Until Peter's vision (Acts 10 (NKJV)),
in which he is told that Christianity is intended for all mankind, "… God has shown me that I should not call any man common or unclean",
Christianity was entirely Jewish, the only difference being the belief that Jesus was the promised Messiah.
Christians and Jews lived, worked, worshiped, and studied together.
But now Gentiles were wanting to become Christians, and there was no obvious path for them to follow.
Consider how the Gentiles that were considering converting were learning Christianity:
So when the Jews went out of the synagogue, the Gentiles begged that these words might be preached to them the next Sabbath.
— Acts 13 (NKJV)
In Antioch, Paul was teaching at an existing synagogue on the Sabbath.
In other places, where there was no Paul or other teacher continually available, interested Gentiles were expected to attend regular sabbath services at their local synagogue.
There, they could learn the basic truths about God, creation, and the history of Israel.
During the other six days, they could study the scriptures for themselves.
Until recently though, books of all kinds were rare and expensive.
Individual people did not own Bibles, and there were no lending libraries; anyone wanting to read the scriptures had to go to a synagogue:
[The Bereans] were more fair-minded than those in Thessalonica, in that they received the word with all readiness, and searched the Scriptures daily to find out whether these things were so.
Therefore many of them believed, and also not a few of the Greeks, prominent women as well as men.
— Acts 17:11–12 (NKJV)
But, even though Jews welcome Gentiles to their services, they require that those people be seriously interested, not simply curious.
Giving idol worshippers, blasphemers, thieves, etc. access to the holy documents would profane them.
Modern Judaism has a concept of universal laws that apply to all humanity, not only to Jews:
The Seven Laws of Noah (Hebrew: שבע מצוות בני נח<200e> Sheva Mitzvot B'nei Noach), … are a set of imperatives which, according to the Talmud, were given by God as a binding set of laws for the "children of Noah" – that is, all of humanity.
According to Jewish tradition, non-Jews who adhere to these laws are said to be followers of Noahidism and regarded as righteous gentiles, who are assured of a place in Olam Haba (עולם הבא<200e>, the world to come), the final reward of the righteous.
The Seven Laws of Noah include prohibitions against worshipping idols, cursing God, murder, adultery and sexual immorality, theft, eating flesh torn from a living animal, as well as the obligation to establish courts of justice.
— Seven Laws of Noah - Wikipedia
The meat prohibition is derived from Genesis 9:4 (NKJV), "But you shall not eat flesh with its life, that is, its blood".
Ignoring the four laws that almost all religions would consider obvious (blasphemy, murder, theft, injustice), and which the proselytes would already be following, leaves these three:
- Worshipping idols.
- Sexual immorality.
- Eating meat that has not bled to death (e.g. strangled or diseased, or still alive (oysters)).
These prohibitions correspond almost exactly to the list defined by the Council of Jerusalem.
The controversy in Acts 15 was over exactly what potential converts to Christianity (and implicitly to much of Judaism) should be required to do before their conversion.
Some Christian leaders felt that these Gentiles should first convert to Judaism.
They would have to be circumcised and follow all relevant laws before they could become Christians.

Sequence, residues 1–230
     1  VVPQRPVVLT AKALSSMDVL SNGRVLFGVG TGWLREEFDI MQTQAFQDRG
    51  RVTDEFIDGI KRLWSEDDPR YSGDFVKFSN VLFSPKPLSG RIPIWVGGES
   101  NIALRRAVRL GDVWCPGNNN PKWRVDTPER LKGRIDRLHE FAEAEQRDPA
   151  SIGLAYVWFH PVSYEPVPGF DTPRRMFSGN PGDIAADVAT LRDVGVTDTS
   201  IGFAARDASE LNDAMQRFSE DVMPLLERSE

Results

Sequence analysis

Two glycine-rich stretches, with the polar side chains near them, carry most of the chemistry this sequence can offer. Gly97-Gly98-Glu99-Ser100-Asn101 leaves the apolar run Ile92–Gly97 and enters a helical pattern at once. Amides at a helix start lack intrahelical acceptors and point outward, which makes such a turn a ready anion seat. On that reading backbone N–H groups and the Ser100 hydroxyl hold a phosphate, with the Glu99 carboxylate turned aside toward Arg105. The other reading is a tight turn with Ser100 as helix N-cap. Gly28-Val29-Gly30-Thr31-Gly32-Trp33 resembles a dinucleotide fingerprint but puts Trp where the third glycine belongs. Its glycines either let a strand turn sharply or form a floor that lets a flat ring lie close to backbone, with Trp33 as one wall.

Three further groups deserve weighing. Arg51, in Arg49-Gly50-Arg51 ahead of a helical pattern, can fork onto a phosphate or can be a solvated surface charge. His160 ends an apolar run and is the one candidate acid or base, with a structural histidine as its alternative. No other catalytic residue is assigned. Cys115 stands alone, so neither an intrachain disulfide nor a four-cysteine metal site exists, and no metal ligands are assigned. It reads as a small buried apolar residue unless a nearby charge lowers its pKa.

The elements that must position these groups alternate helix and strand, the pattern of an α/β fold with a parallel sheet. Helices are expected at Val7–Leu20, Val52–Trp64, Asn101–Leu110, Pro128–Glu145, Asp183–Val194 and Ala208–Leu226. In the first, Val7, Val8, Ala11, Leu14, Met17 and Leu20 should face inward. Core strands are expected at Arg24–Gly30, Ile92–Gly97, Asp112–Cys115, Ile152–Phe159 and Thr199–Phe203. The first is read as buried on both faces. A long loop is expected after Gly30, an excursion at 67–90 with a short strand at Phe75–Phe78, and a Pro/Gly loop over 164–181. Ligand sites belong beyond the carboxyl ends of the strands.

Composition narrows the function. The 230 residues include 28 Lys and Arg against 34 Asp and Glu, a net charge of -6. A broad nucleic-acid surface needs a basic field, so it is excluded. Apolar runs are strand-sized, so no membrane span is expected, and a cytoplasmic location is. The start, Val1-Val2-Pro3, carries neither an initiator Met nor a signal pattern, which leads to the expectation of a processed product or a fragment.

Others realized that that would be an impossible requirement: no one would want such an operation before they were even allowed to learn about the reason for it.
They also knew that Christianity was based on a new covenant with God, one available to all mankind, and that conditions specific to the old covenant were meant for the descendants of Abraham, not for all of humanity:
And God said to Abraham: “As for you, you shall keep My covenant, you and your descendants after you throughout their generations.
This is My covenant which you shall keep, between Me and you and your descendants after you: Every male child among you shall be circumcised;
and you shall be circumcised in the flesh of your foreskins, and it shall be a sign of the covenant between Me and you.
— Genesis 17:9–11 (NKJV)
The final decision was that the Christians shouldn't require any signs of sincerity beyond what the Jews already required of Gentiles: they should refrain from activities forbidden to all of Noah's descendants: temple prostitutes, meat sacrificed to idols, meat containing blood.
Notice what James concluded:
“Therefore I judge that we should not trouble those from among the Gentiles who are turning to God,
but that we write to them to abstain from things polluted by idols, from sexual immorality, from things strangled, and from blood.
For Moses has had throughout many generations those who preach him in every city, being read in the synagogues every Sabbath.”
— Acts 15 (NKJV)
- Requiring circumcision of potential converts would be counter productive; rather than encouraging them to learn the truth it would scare them away.
- Requiring only what the Jews already expected for admission to their synagogues would be sufficient.
- Each week, the potential converts could then attend services and study the foundations of the religion.
Despite how most people misinterpret this ruling, it had nothing to do with biblical dietary laws, nor anything to do with Christianity versus Judaism.
Was there some implicit set of laws that was not referenced, but would be understood by both parties to be in effect?
Yes, effectively everything. This ruling was not about what rules Christians should or should not follow, but about what potential Gentile converts needed to do to be allowed to learn in Jewish synagogues.